Joe and Max goes on to chronicle the differing fortunes of the two fighters after this fight. Louis emerges as an American hero and is shown encouraging U.S. troops as they prepare for war: “We’re on God’s side,” he tells them. Schmeling returns to Germany disgraced and eventually serves as a paratrooper in the German army. After the war, the fighters’ fortunes both turn again, as Louis becomes bogged down with tax debt and infidelity, while Schmeling is picked by Coca-Cola to be a well-paid spokesman for the German market.
While Louis and Schmeling’s alternating fortunes present a compelling narrative and structural contrast through the film, their similarity is more striking. Both are swept up in their respective nationalistic fervors and become reluctant representatives for attendant ideologies. For Louis’ part, he becomes a cheerleader, in essence, for the same country that segregates and stereotypes his race.
As well, the film repeatedly emphasizes that Schmeling was no Nazi. He is shown with Jewish friends and his American manager, Joe Jacobs (David Paymer), is Jewish. In one scene, he’s coerced by Nazi officials into signing his name to a book that lauds Aryan athletic superiority. Like Louis, Schmeling becomes the embodiment of a national ethos despite his own misgivings.
The point made is that, as top athletes, Louis and Schmeling are ready-made symbols. Whatever their political points of view (Schmeling is here more conflicted about his role than Louis), their celebrity status attracts the attention of millions and makes them easy and effective mouthpieces for national propaganda. The specter of war only heightens this effect.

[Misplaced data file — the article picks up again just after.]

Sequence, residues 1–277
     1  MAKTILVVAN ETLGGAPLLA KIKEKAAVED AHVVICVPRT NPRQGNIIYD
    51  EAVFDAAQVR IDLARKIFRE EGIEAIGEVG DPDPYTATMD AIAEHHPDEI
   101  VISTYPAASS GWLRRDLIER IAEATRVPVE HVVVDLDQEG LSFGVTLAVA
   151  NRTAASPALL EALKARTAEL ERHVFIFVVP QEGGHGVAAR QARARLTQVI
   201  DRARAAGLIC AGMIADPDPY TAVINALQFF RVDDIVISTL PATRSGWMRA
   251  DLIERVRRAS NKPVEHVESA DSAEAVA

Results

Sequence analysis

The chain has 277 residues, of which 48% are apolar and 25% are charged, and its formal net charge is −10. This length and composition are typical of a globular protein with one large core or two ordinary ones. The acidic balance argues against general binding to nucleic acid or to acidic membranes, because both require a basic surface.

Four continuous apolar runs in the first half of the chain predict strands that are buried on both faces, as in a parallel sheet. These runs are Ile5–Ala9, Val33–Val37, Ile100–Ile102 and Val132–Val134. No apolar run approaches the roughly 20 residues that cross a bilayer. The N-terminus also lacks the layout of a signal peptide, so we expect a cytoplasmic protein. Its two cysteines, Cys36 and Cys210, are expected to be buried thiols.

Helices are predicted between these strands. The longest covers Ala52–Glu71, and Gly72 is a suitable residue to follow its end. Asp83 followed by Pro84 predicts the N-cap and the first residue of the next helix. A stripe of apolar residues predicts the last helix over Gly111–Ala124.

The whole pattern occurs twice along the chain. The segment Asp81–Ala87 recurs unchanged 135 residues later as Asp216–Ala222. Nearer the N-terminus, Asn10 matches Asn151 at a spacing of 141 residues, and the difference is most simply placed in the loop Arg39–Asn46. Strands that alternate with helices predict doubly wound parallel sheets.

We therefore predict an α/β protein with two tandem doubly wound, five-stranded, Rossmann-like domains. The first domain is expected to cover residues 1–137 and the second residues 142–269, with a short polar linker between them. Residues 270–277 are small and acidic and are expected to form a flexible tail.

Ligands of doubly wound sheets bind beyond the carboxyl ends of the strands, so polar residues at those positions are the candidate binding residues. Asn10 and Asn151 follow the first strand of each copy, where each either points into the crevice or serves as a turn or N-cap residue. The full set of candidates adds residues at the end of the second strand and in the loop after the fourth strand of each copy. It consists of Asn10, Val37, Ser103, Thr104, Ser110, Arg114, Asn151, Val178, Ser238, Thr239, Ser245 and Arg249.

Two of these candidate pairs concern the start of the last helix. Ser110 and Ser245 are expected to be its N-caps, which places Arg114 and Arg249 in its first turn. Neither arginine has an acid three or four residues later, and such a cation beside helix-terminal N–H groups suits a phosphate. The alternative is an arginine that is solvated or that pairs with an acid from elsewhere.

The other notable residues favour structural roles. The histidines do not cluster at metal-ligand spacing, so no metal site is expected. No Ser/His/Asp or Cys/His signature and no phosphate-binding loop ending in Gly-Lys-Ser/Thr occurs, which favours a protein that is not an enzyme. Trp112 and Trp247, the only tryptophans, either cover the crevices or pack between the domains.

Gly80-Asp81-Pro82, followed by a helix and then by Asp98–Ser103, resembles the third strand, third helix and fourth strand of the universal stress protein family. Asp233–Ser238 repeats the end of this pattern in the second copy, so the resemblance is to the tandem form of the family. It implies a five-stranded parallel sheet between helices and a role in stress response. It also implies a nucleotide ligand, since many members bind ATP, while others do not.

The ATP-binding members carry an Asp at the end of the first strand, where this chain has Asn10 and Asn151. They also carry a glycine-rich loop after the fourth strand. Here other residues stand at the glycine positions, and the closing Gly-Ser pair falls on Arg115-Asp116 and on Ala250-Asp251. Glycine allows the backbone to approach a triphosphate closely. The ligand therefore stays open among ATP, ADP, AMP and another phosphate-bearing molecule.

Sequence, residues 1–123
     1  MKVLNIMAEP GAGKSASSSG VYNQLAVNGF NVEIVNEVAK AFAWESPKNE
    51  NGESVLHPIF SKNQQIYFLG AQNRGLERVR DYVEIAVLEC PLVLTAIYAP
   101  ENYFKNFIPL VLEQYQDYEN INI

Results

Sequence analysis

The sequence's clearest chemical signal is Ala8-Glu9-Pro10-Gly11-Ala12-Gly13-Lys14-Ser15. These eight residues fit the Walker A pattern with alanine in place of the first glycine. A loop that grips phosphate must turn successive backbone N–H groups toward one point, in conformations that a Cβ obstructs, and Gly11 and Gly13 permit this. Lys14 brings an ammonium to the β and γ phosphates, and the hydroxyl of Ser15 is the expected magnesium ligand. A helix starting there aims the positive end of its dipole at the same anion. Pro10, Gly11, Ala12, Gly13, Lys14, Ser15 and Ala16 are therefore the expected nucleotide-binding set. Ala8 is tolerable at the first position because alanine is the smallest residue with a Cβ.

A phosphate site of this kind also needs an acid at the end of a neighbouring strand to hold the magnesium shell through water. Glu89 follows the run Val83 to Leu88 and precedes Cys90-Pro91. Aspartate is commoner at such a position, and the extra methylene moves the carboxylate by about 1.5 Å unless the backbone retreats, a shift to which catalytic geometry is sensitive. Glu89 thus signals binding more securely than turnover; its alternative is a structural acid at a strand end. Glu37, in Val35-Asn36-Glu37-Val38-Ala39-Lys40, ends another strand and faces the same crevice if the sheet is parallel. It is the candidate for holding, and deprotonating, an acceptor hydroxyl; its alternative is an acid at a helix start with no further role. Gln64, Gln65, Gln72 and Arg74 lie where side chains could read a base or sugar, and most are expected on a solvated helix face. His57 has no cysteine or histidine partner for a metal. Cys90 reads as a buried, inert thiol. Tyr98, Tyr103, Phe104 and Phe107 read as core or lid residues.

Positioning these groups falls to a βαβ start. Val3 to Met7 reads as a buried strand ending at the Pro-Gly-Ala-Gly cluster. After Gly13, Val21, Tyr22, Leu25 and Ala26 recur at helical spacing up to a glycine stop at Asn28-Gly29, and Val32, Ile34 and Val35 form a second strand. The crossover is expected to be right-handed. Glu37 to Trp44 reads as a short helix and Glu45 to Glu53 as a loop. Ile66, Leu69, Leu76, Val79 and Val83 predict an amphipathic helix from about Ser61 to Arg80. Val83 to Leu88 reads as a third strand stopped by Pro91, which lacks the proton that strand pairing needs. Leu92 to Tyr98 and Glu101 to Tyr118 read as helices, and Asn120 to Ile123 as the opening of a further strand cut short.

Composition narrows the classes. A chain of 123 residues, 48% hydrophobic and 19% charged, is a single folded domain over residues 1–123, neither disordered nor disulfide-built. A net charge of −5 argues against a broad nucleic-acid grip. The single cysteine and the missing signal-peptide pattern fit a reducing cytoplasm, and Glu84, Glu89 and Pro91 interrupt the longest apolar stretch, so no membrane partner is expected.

Decades later, war looms on the current horizon. In our context, Joe and Max reveals a telling shift in the functions of popular athletes in wartime. The worlds of politics and athletics have clearly separated since the 1930s, with most athletes today conspicuous in their lack of commentary on anything remotely political (see Michael Jordan, Tiger Woods, Shaquille O’Neal, etc.).
One exception to this practice (and maybe an explanation for it) is Toni Smith, a Manhattanville College basketball player who has been booed and harassed both on the court and off for turning her back on the U.S. flag during the pre-game anthem. Protests like Smith’s are rare, however. And athletes even more rarely appear as national spokespeople. Cheerleading is left to the politicians and pundits, with athletes performing a sideshow deployed to distract the public from matters of national security and policy, rather than address them.
At the same time, today’s athletes aren’t often expected to be role models for the country’s “youth,” in part because they have so vocally rejected the role. While both Louis and Schmeling were useful mouthpieces for their respective countries and models for proper behavior, now, athletes endorse little more than commercial products. An inverse relationship has resulted: as financial stakes rise, the willingness of the sporting world to take any kind of substantive public stand decreases.
Indeed, today’s athletes might appreciate the complications represented by Joe and Max, specifically complications of propaganda, patriotism, and nationalism, both at home and abroad. For Louis and for Schmeling alike, the causes they come to embody are not necessarily extensions of their personal convictions and often direct contradictions of their core beliefs. The film thus becomes a caution concerning the deceptive and manufactured nature of nationalist rhetoric. In this era of flag-waving and chest-thumping, Joe and Max‘s message is as succinct as it is relevant. A boxer, in fact, would say it best: keep your guard up.